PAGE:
Appeal from order of Superior Court, April T., 1966, No. 107, reversing order of Court of Common Pleas of Allegheny County, Oct. T., 1964, No. 3605, in case of Commonwealth ex rel. Edward Spensky v. Robert Duggan, District Attorney, and James F. Maroney, Superintendent.
Hubert I. Teitelbaum, with him Martin M. Sheinman, for appellant.
Edwin J. Martin, Assistant District Attorney, with him Robert W. Duggan, District Attorney, for appellees.
Bell, C. J., Musmanno, Jones, Cohen, Eagen, O'Brien and Roberts, JJ. Opinion by Mr. Justice Cohen. Concurring and Dissenting Opinion by Mr. Justice Roberts. Dissenting Opinion by Mr. Chief Justice Bell.
This is an appeal under Rule 69 from the order of the Superior Court reversing the order of the Court of Common Pleas of Allegheny County, which had granted relator's petition for a writ of habeas corpus.
On June 19, 1940, relator entered a plea of nolo contendere to charges of armed robbery and assault with intent to commit armed robbery. He was sentenced to undergo imprisonment on each charge for a period of five to ten years, to be served consecutively. Relator was committed on May 24, 1940 and was released on parole exactly ten years later. On August 3,
, relator was convicted of a crime in Ohio and after serving a jail sentence in that state, returned to prison in Pennsylvania as a parole violator. Relator was again released on parole on February 24, 1960 and was again convicted of crimes in Washington and Armstrong Counties. He was sentenced to serve concurrent terms of one to two years to begin at the expiration of the balance of the twenty year sentence imposed in 1940.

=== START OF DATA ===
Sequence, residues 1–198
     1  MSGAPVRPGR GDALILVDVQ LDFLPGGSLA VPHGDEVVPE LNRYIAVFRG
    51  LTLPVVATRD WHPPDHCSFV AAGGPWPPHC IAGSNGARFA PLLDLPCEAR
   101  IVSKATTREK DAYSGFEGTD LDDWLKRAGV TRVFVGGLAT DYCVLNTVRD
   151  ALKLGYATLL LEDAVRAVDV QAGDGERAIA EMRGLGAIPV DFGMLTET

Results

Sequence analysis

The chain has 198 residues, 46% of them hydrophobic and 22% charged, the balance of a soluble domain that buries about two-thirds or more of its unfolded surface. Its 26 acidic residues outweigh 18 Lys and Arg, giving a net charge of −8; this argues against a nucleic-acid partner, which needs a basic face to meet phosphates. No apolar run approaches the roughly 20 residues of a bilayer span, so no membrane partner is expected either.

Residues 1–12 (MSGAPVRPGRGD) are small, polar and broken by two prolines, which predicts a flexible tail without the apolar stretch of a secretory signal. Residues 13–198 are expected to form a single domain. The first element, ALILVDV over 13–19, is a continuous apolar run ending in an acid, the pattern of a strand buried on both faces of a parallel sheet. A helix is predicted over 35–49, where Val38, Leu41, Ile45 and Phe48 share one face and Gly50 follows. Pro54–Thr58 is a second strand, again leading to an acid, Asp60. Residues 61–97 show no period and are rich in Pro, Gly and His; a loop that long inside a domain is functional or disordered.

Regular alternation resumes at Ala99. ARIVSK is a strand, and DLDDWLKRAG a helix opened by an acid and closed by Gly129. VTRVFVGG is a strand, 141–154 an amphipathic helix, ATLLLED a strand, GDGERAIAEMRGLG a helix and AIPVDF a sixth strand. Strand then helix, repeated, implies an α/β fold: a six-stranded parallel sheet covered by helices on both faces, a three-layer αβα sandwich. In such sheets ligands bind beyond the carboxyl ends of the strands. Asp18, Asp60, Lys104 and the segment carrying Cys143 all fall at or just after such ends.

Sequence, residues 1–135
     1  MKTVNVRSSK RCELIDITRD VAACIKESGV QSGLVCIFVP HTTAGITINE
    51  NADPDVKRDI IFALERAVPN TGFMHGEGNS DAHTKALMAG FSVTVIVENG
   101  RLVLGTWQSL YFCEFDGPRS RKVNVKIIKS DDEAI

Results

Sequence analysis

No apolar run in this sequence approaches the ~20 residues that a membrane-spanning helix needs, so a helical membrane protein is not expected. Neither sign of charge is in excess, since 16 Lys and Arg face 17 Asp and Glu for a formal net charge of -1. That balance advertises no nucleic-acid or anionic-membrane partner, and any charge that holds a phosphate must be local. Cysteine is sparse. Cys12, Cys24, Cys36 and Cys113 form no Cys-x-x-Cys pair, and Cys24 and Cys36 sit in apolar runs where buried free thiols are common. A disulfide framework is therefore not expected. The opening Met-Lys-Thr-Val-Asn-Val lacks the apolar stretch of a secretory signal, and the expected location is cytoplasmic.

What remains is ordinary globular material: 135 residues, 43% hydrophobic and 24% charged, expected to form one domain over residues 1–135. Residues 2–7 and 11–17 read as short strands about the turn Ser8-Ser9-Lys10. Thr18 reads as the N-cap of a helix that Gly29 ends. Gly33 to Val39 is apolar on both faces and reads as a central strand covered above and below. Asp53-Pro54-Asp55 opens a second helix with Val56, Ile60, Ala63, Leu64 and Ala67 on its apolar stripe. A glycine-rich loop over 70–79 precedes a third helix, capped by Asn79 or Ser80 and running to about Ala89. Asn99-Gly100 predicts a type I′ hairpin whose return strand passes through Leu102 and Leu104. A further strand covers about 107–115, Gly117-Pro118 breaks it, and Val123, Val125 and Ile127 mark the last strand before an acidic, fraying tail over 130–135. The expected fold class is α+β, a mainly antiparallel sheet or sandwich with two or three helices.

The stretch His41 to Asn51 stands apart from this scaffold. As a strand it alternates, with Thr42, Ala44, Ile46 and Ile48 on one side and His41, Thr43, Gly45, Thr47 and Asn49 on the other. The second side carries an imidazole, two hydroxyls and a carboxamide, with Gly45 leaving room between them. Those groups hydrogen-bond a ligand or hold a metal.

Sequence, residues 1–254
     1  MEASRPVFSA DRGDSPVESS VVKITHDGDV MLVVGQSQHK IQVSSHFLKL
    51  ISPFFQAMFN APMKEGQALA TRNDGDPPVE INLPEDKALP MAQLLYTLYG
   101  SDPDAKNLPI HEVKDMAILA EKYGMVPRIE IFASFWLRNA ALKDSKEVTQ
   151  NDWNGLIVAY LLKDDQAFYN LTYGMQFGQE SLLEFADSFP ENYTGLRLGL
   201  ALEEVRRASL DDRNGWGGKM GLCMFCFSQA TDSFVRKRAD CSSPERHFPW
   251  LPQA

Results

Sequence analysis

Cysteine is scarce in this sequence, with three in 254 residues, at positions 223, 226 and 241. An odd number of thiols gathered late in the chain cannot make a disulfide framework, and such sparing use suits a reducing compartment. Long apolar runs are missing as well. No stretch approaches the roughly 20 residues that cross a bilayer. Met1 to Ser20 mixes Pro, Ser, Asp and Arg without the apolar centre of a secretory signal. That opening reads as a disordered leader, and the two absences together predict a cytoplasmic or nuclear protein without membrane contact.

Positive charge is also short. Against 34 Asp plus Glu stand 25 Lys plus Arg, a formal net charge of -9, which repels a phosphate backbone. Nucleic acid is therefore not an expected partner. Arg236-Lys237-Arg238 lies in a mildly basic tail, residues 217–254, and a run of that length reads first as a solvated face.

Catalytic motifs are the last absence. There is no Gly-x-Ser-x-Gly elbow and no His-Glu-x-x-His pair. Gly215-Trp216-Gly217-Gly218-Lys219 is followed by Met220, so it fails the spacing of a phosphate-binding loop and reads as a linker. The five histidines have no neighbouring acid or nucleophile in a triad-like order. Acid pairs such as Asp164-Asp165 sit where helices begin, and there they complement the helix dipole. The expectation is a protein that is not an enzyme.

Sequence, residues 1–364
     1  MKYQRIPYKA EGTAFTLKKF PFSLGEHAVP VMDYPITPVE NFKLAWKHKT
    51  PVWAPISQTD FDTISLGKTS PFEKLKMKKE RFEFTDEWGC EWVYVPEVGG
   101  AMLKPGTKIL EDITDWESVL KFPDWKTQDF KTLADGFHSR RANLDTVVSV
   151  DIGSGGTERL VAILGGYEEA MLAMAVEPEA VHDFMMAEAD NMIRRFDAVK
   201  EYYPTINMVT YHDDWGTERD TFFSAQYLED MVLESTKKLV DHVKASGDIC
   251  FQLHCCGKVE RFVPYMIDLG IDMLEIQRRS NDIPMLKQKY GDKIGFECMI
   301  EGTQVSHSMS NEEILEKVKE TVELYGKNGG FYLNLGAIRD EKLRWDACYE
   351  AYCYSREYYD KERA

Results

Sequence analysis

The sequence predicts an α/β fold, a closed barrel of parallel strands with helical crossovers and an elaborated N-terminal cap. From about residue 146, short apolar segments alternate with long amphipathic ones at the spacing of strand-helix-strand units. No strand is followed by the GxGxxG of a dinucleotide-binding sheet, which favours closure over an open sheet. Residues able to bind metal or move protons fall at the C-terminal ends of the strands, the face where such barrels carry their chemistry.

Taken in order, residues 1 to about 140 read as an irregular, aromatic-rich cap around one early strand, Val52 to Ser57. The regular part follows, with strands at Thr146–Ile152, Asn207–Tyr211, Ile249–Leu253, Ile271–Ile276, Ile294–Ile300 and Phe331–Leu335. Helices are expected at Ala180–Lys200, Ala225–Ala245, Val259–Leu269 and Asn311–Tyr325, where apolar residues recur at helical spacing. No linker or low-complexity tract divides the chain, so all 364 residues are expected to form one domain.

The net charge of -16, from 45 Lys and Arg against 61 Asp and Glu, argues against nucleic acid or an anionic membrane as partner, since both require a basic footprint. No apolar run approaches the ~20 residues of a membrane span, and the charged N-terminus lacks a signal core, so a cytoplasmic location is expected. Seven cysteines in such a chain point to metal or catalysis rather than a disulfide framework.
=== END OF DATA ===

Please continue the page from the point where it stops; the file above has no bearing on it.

The petition attacks the validity of the 1940 judgment and sentence because of the lack of effective assistance of counsel. Relator testified that he was brought into court without counsel; that he advised the assistant district attorney that he was not guilty and wanted a jury trial; that thereupon the court motioned to an attorney present in the courtroom and appointed him to represent relator; that this lawyer offered him no assistance; and that the assistant district attorney induced him to sign a plea of nolo contendere by representing it as a "special" plea on which he would be sentenced to only two to four years.
We believe that ample evidence was presented at the habeas corpus hearings to sustain the conclusions of the lower court. The Superior Court's opinion stresses the issue of the guilt or innocence of the relator. But that is unimportant in this context. Here, we are concerned only with the validity of relator's confinement, not with his guilt. Therefore, we believe that the lower court properly granted the writ.
We believe, however, that the lower court exceeded its authority by determining that the dates of computation of the sentences imposed by the courts of Washington and Armstrong Counties be from the respective dates of imposition. Pursuant to the Act of May 25, 1951, P. L. 415, § 3, 12 P.S. § 1903, "where relator is undergoing detention ...